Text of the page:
Given that all state winners of the Race to the Top competition are currently out of compliance with their original plans, other states’ efforts to adopt similar waiver provisions will presumably meet similar political struggles. Developing the conditions and approving the waivers was a tough first-term job for the department. Holding states’ feet to the fire to ensure that they follow through with their promises will be an even tougher and less popular task.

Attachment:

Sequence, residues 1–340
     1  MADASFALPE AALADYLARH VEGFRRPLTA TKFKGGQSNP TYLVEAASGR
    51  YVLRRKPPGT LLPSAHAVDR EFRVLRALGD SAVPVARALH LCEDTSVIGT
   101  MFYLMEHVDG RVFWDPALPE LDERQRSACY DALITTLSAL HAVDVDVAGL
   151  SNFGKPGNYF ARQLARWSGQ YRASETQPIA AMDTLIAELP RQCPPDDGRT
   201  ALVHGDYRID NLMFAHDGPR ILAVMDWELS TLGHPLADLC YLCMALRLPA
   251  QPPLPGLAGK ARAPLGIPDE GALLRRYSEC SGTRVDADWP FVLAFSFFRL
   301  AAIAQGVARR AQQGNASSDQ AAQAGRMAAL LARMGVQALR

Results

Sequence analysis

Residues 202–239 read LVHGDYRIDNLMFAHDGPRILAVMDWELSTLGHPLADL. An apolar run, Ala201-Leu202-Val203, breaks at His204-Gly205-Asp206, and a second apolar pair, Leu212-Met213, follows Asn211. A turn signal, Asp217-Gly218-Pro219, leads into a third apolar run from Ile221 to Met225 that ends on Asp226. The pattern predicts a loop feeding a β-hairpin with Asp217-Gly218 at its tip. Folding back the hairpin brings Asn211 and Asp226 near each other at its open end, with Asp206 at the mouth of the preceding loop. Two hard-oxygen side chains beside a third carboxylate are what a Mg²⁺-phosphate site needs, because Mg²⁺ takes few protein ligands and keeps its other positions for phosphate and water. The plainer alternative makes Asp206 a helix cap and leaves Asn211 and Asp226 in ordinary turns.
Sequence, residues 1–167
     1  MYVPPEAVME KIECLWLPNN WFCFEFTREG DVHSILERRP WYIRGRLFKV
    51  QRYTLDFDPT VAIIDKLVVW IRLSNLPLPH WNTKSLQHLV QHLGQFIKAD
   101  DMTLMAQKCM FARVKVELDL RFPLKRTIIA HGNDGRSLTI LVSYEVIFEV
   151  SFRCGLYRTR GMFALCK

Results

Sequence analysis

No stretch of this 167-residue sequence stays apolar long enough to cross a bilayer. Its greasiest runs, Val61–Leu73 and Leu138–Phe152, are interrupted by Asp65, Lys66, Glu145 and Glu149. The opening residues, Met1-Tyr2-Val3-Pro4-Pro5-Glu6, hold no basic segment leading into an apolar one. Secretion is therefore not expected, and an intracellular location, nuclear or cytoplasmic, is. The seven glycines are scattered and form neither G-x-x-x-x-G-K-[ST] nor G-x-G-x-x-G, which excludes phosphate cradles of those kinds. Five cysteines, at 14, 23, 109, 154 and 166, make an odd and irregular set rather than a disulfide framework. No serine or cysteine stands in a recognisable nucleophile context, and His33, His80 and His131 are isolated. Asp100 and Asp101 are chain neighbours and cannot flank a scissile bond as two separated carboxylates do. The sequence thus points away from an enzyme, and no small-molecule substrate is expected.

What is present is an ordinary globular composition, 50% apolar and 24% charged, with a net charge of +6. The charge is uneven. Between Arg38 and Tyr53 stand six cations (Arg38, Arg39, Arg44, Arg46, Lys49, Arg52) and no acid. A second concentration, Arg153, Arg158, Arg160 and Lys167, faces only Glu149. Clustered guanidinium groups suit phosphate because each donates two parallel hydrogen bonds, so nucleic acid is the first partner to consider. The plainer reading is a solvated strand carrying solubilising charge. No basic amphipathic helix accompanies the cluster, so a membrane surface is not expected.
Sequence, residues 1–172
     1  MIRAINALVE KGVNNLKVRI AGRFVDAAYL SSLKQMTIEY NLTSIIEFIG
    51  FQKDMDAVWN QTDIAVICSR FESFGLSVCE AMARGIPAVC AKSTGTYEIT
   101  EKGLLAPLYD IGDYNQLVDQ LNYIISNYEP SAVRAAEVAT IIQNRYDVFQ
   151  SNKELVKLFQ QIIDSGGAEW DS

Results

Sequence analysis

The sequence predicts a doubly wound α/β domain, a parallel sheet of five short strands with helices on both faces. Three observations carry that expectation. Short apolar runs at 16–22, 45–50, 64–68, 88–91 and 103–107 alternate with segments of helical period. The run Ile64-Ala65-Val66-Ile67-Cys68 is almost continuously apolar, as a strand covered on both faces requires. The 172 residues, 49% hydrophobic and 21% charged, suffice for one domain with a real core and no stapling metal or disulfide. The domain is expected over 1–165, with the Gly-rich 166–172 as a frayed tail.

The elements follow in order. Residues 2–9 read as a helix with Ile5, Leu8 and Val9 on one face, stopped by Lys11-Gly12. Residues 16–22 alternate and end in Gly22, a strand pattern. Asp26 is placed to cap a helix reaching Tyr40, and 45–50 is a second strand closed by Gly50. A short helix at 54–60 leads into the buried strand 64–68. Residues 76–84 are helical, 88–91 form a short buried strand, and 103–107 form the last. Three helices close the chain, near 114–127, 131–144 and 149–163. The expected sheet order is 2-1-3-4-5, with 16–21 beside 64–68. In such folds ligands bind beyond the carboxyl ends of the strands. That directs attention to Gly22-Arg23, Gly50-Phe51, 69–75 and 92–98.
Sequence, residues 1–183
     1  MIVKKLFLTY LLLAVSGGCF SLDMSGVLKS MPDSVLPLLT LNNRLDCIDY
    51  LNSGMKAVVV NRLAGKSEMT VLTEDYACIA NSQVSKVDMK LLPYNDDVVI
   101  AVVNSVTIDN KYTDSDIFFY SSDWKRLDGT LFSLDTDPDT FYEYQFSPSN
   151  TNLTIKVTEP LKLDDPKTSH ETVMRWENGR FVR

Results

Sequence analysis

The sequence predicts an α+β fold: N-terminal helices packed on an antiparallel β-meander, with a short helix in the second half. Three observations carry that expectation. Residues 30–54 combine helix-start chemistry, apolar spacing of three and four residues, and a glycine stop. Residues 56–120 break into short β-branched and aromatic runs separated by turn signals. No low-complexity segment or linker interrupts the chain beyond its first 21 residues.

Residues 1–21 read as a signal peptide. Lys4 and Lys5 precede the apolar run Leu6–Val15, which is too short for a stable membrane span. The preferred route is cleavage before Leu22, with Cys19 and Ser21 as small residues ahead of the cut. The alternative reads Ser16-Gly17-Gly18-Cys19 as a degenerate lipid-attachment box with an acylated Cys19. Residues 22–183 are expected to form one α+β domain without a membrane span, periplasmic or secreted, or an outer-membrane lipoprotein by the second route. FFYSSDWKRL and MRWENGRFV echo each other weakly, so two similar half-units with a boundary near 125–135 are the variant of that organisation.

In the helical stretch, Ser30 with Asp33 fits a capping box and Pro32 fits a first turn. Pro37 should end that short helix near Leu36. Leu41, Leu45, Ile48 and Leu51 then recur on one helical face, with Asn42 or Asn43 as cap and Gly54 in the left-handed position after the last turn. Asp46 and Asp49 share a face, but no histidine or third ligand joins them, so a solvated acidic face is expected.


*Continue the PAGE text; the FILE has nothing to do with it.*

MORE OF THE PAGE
Budgets. Whether or not Congress goes over the fiscal cliff and sequestration cuts take effect, federal education funding is in for tough times ahead. First, the Obama-era education reforms (Race to the Top and i3, in particular) were funded by stimulus dollars—which will not be around for the second term. The less reform-minded policies of the Obama administration (those that saved teacher jobs and funded cash-strapped districts) were cash-intensive and thus are off the table in a second term. States will need to make the tough decisions between funding programs, saving teacher jobs, and decreasing class sizes, without the cushion of extra dollars. The administration will need to maintain its authority and reform agenda with very little money to support it or retreat to a role largely tasked with handing out and managing formula grants.